The Russian opera Boris Godounov, the work of the crazy genius Moussorgsky, has been given quite frequent performances since it was first heard in America a year or so ago. It has recently been given in Philadelphia, and now comes news that it has been given in Buda-Pesth. Considering that the work is thirty years old or more, it is astonishingly modern, foreshadowing many of the most recent achievements of such workers as Scriabine and Debussy. Of course this may be due to some extent to the assistance which Rimsky-Korsakoff gave the composer, but, nevertheless, the work is sufficiently individual to justify the keen interest in it which musicians have displayed. Unfortunately the nature of the work does not favor a successful arrangement of the score or themes for the piano.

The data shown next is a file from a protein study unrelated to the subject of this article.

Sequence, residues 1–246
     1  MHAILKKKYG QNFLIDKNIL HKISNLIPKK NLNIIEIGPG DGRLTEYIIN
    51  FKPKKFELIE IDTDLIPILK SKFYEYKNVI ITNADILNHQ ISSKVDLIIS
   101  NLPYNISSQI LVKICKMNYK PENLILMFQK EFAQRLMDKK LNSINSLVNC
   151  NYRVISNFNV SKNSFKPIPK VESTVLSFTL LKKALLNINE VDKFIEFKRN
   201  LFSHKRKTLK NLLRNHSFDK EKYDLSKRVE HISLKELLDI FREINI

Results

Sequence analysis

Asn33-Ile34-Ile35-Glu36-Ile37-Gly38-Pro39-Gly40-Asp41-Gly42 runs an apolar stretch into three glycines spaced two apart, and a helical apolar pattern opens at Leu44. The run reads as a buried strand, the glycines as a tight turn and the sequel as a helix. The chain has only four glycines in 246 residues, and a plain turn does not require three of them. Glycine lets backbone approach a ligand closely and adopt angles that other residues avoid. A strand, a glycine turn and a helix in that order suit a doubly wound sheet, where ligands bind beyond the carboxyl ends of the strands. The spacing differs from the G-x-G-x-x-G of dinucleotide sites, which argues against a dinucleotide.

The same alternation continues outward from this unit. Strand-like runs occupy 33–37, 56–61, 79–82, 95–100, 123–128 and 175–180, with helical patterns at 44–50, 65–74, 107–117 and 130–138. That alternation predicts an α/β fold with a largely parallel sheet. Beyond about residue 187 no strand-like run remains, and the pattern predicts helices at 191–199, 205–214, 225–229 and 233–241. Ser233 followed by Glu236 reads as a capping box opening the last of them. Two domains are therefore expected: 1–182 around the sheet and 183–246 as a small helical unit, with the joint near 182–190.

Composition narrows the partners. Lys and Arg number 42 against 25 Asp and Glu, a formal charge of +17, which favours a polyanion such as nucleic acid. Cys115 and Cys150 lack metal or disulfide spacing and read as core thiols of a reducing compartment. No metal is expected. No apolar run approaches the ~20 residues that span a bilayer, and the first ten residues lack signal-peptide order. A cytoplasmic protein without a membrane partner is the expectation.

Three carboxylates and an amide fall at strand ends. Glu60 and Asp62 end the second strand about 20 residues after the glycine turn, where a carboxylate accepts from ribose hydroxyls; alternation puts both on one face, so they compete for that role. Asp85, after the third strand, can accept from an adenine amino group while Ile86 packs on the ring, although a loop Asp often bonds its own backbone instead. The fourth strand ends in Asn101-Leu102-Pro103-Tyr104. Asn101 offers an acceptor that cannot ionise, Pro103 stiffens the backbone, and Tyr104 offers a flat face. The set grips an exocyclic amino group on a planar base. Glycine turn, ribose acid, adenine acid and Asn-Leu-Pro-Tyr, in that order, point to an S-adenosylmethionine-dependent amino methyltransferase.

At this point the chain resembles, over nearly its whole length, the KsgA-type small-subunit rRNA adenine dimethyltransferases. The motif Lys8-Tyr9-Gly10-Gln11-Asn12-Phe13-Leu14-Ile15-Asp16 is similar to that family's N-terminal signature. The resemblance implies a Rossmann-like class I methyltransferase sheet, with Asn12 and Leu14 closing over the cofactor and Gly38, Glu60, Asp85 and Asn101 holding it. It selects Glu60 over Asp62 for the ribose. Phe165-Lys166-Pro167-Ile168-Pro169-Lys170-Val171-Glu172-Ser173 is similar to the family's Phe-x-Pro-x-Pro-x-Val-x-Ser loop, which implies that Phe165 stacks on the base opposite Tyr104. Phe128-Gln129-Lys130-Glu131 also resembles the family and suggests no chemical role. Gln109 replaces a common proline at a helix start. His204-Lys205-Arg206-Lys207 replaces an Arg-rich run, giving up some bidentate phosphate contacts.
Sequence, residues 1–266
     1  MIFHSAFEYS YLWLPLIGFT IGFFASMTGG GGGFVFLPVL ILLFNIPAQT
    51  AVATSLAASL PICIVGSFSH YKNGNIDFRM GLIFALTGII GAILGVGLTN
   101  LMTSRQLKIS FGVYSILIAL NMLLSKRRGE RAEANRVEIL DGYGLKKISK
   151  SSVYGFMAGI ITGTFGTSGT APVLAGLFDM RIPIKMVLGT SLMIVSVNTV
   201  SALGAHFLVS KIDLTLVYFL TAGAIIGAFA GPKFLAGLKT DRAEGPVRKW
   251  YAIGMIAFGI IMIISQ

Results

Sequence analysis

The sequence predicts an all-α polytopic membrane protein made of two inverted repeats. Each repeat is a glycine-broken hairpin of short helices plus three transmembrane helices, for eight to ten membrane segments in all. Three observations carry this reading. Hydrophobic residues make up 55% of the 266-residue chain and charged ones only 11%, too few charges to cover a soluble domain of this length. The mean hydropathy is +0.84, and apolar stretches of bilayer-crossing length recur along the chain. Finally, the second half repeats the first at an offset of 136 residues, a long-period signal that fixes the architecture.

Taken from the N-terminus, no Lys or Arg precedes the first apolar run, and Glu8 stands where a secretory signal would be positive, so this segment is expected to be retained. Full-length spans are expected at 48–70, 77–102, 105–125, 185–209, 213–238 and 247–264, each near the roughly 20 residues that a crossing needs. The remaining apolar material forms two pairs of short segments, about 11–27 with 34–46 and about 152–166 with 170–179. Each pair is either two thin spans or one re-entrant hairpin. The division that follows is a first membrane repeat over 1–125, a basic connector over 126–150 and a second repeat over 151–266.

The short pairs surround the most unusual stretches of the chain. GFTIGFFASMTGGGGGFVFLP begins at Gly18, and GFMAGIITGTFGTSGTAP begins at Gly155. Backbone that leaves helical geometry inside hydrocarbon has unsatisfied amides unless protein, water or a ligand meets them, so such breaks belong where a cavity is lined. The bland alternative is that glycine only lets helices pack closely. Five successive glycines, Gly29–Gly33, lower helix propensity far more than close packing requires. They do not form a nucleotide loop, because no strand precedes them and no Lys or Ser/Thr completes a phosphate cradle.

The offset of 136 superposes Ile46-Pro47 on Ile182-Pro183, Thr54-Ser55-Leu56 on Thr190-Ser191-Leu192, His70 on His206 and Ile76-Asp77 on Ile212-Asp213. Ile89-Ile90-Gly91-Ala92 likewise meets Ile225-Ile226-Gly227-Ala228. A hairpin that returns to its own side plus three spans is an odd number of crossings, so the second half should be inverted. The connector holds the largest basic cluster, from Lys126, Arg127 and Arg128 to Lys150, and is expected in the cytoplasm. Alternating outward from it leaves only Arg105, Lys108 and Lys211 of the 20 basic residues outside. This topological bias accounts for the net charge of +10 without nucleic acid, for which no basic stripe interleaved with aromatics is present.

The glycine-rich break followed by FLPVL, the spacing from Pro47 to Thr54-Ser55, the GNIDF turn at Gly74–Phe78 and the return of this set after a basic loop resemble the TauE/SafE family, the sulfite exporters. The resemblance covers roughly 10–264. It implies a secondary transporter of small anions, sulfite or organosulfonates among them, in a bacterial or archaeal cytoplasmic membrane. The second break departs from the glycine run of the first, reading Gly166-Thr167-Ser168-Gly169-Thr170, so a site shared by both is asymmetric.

The energetic press bureau of the Panama Pacific International Exposition, to be held at San Francisco in 1915, has been filling The Etude pigeon holes with information regarding projects of a musical kind. Visitors to the exhibition will hear choruses of five thousand girls and boys, May-pole dances, choruses of Oriental children, a meeting of the supervisors of music from all parts of the Union, performances of The Messiah, Elijah and St. Paul, orchestral concerts of all kinds, band concerts—what more can we say? The press bureau furnishes us with a complete equipment of adjectives, but owing to lack of space we herewith permit our readers to supply their own with the feeling that they may be quite as appropriate as those of the hereinbefore mentioned press bureau.